Taking all this information into account, we will draw the following conclusion: the hypothesis of selective psychopathy may be valid to some degree, but at the same time, it is worth assuming that not all people are vulnerable to this phenomenon to the same extent. We must also consider the extent to which a particular person has been involved in committing violence and the possibility that a psychopath may successfully pretend to be a perfectly normal and mentally healthy person. Any future experiments aimed at confirming or refuting the hypothesis of selective psychopathy must take all of these issues into account in order not to lead to false conclusions.

Finally, let us not forget that the participation of tens of thousands of people in the perpetration of mass violence does not in itself say anything about everyone else. Such a number of violent people may seem large, but relative to the entire population, it will be only a tiny percentage of people who may have been the most predisposed to be affected by external influences and inclined to engage in violent activities among all possible alternatives. And as the Cambodian genocide, for example, shows us, the actions of just 80,000 people can lead to the deaths of 1.8 million civilians[14][15][16][17][18]. If you look at the numbers in comparison to each other, a lot of things can fall into place.

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2) Beck, A., & Heinz, A. (2013). Alcohol-Related Aggression. Deutsches Aerzteblatt Online. doi:10.3238/arztebl.2013.0711
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10) Miller, A. (1983). For your own good: Hidden cruelty in child-rearing and the roots of violence. New York: Farrar, Straus, Giroux.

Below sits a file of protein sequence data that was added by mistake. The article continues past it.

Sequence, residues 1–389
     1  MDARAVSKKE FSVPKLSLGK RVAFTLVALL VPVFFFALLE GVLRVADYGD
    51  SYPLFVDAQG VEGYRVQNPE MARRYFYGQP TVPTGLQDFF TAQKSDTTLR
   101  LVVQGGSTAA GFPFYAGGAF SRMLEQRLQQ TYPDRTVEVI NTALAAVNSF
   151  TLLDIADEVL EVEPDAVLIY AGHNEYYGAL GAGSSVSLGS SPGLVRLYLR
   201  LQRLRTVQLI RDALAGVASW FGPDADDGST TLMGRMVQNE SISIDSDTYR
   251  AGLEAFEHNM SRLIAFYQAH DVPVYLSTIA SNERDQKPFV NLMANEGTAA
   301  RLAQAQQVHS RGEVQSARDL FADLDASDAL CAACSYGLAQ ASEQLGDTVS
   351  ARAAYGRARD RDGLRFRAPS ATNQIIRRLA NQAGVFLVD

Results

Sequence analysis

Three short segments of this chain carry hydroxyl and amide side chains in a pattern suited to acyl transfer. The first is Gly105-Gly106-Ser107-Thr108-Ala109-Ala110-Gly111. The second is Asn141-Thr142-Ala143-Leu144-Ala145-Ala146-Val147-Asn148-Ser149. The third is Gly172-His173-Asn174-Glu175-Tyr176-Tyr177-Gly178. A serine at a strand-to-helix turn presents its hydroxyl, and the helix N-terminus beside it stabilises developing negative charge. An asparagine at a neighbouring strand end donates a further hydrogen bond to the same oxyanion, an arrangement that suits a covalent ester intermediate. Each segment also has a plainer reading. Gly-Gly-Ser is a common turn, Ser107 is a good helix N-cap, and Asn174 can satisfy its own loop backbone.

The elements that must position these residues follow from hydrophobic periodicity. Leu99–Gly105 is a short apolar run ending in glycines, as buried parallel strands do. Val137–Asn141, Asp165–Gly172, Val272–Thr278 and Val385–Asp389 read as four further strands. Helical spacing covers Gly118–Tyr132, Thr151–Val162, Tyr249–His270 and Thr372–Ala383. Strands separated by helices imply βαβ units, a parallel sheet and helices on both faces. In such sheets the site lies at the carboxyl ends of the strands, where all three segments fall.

11) Milburn, M. A., Conrad, S. D. (1996). The politics of denial. Cambridge: MIT Press
12) Meffert, H., Gazzola, V., den Boer, J. A., Bartels, A. A. J., & Keysers, C. (2013). Reduced spontaneous but relatively normal deliberate vicarious representations in psychopathy. Brain, 136(8), 2550–2562. doi:10.1093/brain/awt190
14) Carney, T. (1989). The Unexpected Victory. In Karl D. Jackson, ed., Cambodia 1975–1978: Rendezvous With Death. Princeton University Press, pp. 13–35
15) The Crime of Cambodia: Shawcross on Kissinger's Memoirs New York Magazine, 5 November 1979
16) The Khmer Rouge National Army: Order of Battle, January 1976. New Haven: Yale University Cambodian Genocide Program, 1976
17) Locard, H. (2005). State Violence in Democratic Kampuchea (1975–1979) and Retribution (1979–2004). European Review of History: Revue Européenne D’histoire, 12(1), 121–143. doi:10.1080/13507480500047811
18) Kierman, B. (2023). The Demography of Genocide in Southeast Asia: The Death Tolls in Cambodia, 1975-79, and East Timor, 1975-80. Critical Asian Studies 35(4). doi:10.1080/1467271032000147041
Last modified: 2024/05/08 21:35 by Volunto